Discussions of the relative merits of passive vs. active investing are ubiquitous these days and — so long as discussions thoughtfully add to the debate — we at the Investment Company Institute (ICI) rarely feel compelled to offer a critical response.
But some publications force us to speak up.
In Defined Contribution Plans: Challenges and Opportunities for Plan Sponsors from the CFA Institute Research Foundation, Jeffery Bailey, CFA, and Kurt Winkelmann focus on the plan sponsor’s role in managing defined contribution (DC) plans and provide much thoughtful information that plan sponsors may find useful.
But when it comes to the topic of 401(k) plan investment selection, they make conclusionary statements about actively managed funds that can only sow confusion among the plan sponsor community.
The authors contend that “[h]iring and firing actively managed funds imposes a significant management cost (the opportunity cost of time) on the committee.” They go on to state “that sponsors should adopt passively managed funds as the default choice for their plans” and “[a]bsent a strong belief that actively managed investment options are of value to plan participants, sponsors should make available only passively managed options.”
As we discuss in greater detail below, plan fiduciaries cannot ignore certain types of investments simply because their selection might require more effort. Moreover, the critical decision making inherent in choosing investments for 401(k) plans is much more complex than Bailey and Winkelmann suggest.
Actively managed mutual funds, like index mutual funds, can be excellent investments. And the Employee Retirement Income Security Act (ERISA) requires plan fiduciaries to act solely in the interests of the plan’s participants and beneficiaries when selecting investments for a 401(k) plan. ERISA offers no caveat for decisions that might make the fiduciaries’ jobs easier.
In its regulation on when plan fiduciaries can avoid liability for participant investment decisions, the Department of Labor (DOL) explains that fiduciaries intending coverage under the regulation’s protections should offer a set of investment alternatives that, in the aggregate, enable participants to “construct a portfolio with risk and return characteristics appropriate to their circumstances.” For this reason, plan fiduciaries feel obligated to present a broad range of investment alternatives to plan participants.
Plan sponsors consider multiple factors in selecting investment lineups for their 401(k) plans. These go beyond simple questions of cost and selection difficulty. Below we examine several factors that demonstrate why actively managed funds can serve plan participants well and why the suggestion that plan sponsors should rule them out is misguided. Of course, this analysis is far from exhaustive. Actively managed funds may make useful additions to DC plan investment lineups for many other reasons. But these alone prove that generalizations about actively managed funds’ lack of utility in DC plans should be viewed with skepticism.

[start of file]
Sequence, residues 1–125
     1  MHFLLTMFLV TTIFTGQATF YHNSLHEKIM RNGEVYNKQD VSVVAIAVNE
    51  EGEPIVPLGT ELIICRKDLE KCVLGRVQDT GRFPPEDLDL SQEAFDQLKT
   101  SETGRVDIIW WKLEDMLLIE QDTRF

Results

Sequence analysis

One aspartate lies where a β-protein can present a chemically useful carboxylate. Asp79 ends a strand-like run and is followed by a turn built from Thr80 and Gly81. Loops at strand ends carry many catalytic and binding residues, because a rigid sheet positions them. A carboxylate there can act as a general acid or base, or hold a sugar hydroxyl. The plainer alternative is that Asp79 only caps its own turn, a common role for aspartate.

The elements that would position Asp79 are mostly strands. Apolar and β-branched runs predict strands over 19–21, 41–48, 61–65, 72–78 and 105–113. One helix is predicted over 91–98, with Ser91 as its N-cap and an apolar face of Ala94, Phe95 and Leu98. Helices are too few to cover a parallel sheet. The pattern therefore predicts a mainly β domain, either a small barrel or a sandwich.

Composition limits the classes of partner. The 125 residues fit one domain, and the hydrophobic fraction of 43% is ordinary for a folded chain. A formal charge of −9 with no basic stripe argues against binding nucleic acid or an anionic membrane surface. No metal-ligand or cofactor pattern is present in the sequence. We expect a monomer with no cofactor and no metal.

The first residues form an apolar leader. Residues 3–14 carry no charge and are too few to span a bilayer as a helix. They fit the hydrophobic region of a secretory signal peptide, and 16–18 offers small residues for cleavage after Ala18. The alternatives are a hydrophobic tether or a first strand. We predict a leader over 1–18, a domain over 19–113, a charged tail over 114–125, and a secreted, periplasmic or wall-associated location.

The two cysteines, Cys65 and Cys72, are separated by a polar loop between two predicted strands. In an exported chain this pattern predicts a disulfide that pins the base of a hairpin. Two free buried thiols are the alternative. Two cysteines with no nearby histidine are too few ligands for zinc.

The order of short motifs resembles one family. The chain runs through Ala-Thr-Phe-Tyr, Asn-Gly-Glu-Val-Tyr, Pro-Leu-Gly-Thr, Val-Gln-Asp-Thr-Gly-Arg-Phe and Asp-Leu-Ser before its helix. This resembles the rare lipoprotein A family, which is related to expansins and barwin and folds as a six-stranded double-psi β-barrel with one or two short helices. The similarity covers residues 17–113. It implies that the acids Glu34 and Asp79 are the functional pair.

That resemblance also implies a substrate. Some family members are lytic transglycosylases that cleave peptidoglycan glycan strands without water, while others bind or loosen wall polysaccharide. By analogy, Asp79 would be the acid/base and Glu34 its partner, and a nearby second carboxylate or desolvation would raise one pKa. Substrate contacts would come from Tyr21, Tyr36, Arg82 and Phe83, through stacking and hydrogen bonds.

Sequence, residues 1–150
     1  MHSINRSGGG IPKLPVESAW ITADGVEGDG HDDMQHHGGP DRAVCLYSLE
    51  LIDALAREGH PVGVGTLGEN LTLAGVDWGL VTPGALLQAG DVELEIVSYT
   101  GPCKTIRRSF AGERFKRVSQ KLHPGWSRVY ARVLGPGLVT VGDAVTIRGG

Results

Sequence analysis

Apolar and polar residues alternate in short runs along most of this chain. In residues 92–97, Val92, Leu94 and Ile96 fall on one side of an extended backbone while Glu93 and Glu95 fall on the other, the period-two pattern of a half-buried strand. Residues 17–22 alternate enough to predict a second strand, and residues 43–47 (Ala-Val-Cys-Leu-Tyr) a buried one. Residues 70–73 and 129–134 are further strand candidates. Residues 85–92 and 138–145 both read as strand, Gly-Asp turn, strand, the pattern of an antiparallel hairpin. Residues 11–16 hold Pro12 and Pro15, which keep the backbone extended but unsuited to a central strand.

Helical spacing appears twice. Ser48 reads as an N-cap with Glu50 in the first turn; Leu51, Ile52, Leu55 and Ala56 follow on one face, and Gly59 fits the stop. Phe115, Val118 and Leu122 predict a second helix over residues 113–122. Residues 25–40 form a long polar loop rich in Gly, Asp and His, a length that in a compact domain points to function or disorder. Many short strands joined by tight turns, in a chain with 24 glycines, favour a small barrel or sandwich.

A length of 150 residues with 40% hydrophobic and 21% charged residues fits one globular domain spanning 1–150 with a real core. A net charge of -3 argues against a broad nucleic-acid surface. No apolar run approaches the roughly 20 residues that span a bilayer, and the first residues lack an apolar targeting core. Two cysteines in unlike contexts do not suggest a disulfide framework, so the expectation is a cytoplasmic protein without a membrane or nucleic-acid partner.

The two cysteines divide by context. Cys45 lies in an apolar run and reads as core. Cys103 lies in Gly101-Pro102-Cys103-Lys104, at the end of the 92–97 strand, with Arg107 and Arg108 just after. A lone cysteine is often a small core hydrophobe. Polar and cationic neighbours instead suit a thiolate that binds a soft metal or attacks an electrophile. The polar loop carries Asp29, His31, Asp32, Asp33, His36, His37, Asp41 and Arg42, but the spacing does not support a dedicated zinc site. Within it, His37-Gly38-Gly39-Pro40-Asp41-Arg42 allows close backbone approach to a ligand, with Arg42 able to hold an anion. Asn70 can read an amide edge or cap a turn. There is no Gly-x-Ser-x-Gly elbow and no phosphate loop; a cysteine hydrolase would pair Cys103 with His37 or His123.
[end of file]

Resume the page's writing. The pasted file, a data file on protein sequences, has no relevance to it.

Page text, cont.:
Plan sponsors will generally consider net returns — not solely cost — in selecting investments.
Net returns mean the total return minus any fees and expenses associated with the investment. Take, for example, the 10 largest actively managed funds and the 10 largest index funds. The table below shows that actively managed funds have had three-, five-, and 10-year annualized net returns that are nearly identical to those of the 10 largest index funds.
Average Returns of the 10 Largest Actively Managed and Index Mutual Funds, As of July 2021
|Number of Funds||Three-Year||Five-year||10-year|
Note: Average returns are annualized and measured as simple averages.
Source: ICI tabulations of Morningstar data
These figures may not represent what investors may expect in the future and, therefore, do not suggest that plan sponsors should prefer one type of mutual fund over another. But they do imply that 401(k) plan participants may wish to select from among a range of actively managed funds and index funds.
Indeed, John Rekenthaler referenced Defined Contribution Plans to demonstrate the dangers of focusing solely on fund cost rather than net returns. After analyzing the net returns of several large 2030 target date funds (TDFs), Rekenthaler — showing a high degree of humility — conceded that he had earlier overstated the case for indexing in 401(k) plans.
Second, it is widely understood by plan sponsors that index funds track market indexes — a factor that may influence return variability.